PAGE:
Gibbs, Gonzaga look to contain DeMatha’s passing attack; Bullis, Landon eye IAC title


Gonzaga’s — which includes, from left, Drew Gordon, Paris Person, and Scott Carpenter — faces a big challenge Saturday against No. 5 DeMatha. (Toni L. Sandys/THE WASHINGTON POST)
October 25, 2012
Game to watch: No. 5 DeMatha (7-1) at Gonzaga (6-2), Saturday, 2 p.m.

Gonzaga senior cornerback Jaivon Gibbs is what Coach Aaron Brady calls a “get-it-done” guy. Last season against Georgetown Prep, the Gonzaga coaches instructed Gibbs on the sideline before he went onto the field to be more physical in his man-to-man coverage on fade routes.

Shortly thereafter, Gibbs’s man ran a fade route. He pushed out on the receiver just as he’d been told to do and swatted the ball away. His coaches were thrilled until they saw a penalty flag fly. Gibbs was called for pass interference.

“All we said was, ‘Hey, it’s our fault. You did exactly what we told you to do and got a penalty,’” Brady said. “But that’s the kind of kid he is. Tell him something one time, and he’s got it.”

Gibbs faces one of his toughest challenges of the season on Saturday when the Eagles host DeMatha: Containing talented Stags junior wideouts Cameron Phillips and Chris Jones.

Gibbs will have help in the form of senior cornerback Devin Butler – who has orally committed to Notre Dame – but the matchups between Gonzaga’s defensive backs and DeMatha’s receiving corps may play a significant role in the contest’s outcome. And that may prove to be a crucial factor in which of these two squads gains home field advantage for the first round of the Washington Catholic Athletic Conference playoffs.


Bullis running back Devonte Williams has run for 248 yards the past two weeks. (Mark Gail/FOR THE WASHINGTON POST)

Gonzaga has won the past three games between the teams, but Brady understands the Eagles will need standout performances from Gibbs and many other players in order to pull off a fourth consecutive victory.

At the beginning of the summer 2011, Gibbs was an incoming junior defensive back that had spent his sophomore season on the junior varsity. One day he approached Gonzaga’s coaches and stated he wanted to be one of the team’s starting cornerbacks, even though both starters from the 2010 season were returning. Undeterred, Gibbs worked his way into the starting lineup by the start of the 2011 season.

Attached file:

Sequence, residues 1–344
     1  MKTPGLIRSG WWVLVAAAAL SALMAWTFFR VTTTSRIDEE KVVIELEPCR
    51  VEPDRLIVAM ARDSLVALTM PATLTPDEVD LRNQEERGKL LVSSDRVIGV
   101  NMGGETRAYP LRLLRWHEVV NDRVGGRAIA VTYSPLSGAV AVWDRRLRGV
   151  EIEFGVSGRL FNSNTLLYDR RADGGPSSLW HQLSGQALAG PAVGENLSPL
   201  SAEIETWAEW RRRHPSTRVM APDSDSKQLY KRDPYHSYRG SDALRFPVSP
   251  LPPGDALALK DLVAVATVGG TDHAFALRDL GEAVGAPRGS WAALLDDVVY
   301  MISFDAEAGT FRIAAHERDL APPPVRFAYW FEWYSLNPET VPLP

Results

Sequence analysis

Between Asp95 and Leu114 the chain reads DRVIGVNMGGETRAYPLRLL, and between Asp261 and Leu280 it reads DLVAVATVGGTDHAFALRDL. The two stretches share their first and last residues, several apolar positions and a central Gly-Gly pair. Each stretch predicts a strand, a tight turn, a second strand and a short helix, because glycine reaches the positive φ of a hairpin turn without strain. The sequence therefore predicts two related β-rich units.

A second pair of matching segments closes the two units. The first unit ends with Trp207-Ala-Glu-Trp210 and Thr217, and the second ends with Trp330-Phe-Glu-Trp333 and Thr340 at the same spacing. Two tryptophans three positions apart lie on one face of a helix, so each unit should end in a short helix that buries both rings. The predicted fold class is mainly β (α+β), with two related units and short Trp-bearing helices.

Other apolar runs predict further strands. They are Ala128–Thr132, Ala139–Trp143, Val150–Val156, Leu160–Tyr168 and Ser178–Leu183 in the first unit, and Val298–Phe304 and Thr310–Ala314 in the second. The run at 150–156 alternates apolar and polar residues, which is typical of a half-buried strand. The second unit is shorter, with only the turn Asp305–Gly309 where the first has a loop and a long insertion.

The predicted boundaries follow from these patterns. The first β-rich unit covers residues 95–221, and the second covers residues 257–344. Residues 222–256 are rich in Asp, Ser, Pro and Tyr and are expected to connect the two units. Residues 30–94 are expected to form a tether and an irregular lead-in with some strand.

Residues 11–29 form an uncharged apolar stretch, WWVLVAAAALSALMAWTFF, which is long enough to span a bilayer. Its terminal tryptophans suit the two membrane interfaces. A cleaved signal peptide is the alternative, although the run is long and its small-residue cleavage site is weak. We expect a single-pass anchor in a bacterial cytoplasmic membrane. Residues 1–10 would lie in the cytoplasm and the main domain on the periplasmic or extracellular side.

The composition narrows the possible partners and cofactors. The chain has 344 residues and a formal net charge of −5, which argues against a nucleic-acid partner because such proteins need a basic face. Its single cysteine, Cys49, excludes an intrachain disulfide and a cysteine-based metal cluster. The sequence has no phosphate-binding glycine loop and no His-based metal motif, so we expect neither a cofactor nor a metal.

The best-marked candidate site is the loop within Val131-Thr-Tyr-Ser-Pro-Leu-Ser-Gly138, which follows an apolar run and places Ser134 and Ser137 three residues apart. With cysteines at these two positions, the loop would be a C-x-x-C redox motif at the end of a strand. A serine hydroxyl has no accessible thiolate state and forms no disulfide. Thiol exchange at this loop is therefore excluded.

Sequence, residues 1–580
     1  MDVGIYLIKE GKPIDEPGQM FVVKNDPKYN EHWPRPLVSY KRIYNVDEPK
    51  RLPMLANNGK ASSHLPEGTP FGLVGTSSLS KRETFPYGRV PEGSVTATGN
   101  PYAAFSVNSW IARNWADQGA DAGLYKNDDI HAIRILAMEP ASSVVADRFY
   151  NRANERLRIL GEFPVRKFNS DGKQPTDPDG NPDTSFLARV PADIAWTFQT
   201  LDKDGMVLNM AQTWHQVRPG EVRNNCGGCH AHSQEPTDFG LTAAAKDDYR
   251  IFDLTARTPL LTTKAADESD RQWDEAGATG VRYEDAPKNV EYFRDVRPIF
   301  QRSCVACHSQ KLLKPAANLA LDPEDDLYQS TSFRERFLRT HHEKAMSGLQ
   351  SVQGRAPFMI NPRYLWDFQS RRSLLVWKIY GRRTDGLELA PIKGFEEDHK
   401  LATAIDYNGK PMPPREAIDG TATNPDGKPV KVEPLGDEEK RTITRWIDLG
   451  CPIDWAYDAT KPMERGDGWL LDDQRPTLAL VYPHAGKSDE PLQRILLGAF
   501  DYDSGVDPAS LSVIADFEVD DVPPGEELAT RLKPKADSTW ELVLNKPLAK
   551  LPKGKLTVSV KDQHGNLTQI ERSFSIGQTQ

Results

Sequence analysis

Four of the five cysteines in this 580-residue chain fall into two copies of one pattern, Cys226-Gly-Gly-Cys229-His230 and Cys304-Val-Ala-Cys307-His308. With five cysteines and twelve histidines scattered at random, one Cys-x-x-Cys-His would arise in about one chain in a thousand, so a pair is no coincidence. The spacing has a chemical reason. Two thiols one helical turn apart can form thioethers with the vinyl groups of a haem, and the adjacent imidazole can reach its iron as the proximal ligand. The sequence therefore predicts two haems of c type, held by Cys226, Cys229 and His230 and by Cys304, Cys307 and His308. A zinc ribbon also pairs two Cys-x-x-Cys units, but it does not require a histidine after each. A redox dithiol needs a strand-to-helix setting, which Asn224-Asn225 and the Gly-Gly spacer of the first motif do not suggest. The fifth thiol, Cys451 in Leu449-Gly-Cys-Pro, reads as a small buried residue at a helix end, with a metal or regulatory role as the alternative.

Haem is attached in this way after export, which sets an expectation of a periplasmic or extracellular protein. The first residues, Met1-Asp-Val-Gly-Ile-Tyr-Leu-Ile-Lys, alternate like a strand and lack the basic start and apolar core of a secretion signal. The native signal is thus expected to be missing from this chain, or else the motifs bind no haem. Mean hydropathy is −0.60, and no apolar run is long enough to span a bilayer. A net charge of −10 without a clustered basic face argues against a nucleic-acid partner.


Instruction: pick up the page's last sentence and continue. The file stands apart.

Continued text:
“He’s the one kid on our team that hasn’t gotten beat in two years,” Brady said.

Though Gibbs (5-10, 170) has drawn interest from several Ivy League schools, including Princeton, as well as offers from a few less prominent Football Bowl Subdivision programs, he has not garnered the same degree of public attention as Butler.

Saturday, then, will represent an opportunity for Gibbs to demonstrate his skills against Phillips (offers from North Carolina and Virginia) and Jones (offer from Maryland).

Gibbs “doesn’t run a 4.4” 40-yard dash time, Brady said. “But he runs a 4.5 and can play. That’s kind of where he’s at right now.”

Game to watch: Landon (5-2) at No. 20 Bullis (7-0), Saturday, 7 p.m.

With both starting quarterbacks out this week with wrist injuries, Bullis and Landon are preparing to showcase their powerful running backs in Saturday night’s showdown, which for all intents and purposes could determine the Interstate Athletic Conference title.

Bullis lost quarterback Danny Copeland two weeks ago in a win over St. Stephen’s/St. Agnes and have since replaced him with run-first Yusef Muhammad, while Landon has replaced starter Philip Pena (injured in 27-14 win over Woodberry Forest on Oct. 12) with junior Kyle Hartman.

The learning curve has been steep for both Muhammad and Hartman, but the transition has been soothed by terrific talents at running back. Bullis sophomore Devonte Williams has run for 248 yards and three touchdowns the past two weeks, allowing Muhammad, who threw just eight passes in last week’s 29-0 win over St. Albans, the luxury of picking up his own rushing yards on the Bulldogs’ zone reads. Muhammad finished with 71 yards rushing and two touchdowns last week.

Landon will counter the Bullis defense with Hartman, a classic passer who reaped the benefits of running back Myles Allen’s 174 yards and two touchdowns last week. Allen has run for more than 150 yards in three of four games since returning from an early season concussion, and Landon Coach Paul Padalino said Hartman will be handing off to Allen at steady clip on Saturday.

“[Hartman] understands the way we’re going to run the football, we’re going to hope to keep running the football, and we’ve got a great group of backs, led by Myles,” Padalino said. “We have a lot of confidence in what Kyle can bring to the table for us. . . . We think he’s ready to make a play when he need to, to keep drives alive.”

Hartman, who threw just four passes last week in his first career start, said he is plenty aware of the talented Bullis defensive front he will be facing on Saturday. Landon must beat the Bulldogs to have a chance at winning the league title. Power football will be on full display – meaning that the contest could hinge on whatever young quarterback is able to make more plays.

“There’s definitely going to be some pressure. Hopefully, if we can get the running game going, that will help us out,” said Hartman, who maintains that he has prepared like a starter since the season began. “I tried to get as many reps as I could in practice, and make sure I knew what to do, so in case [an injury happened], I could come in and do the job.”

Roman Stubbs covers the University of Maryland athletics for The Washington Post.
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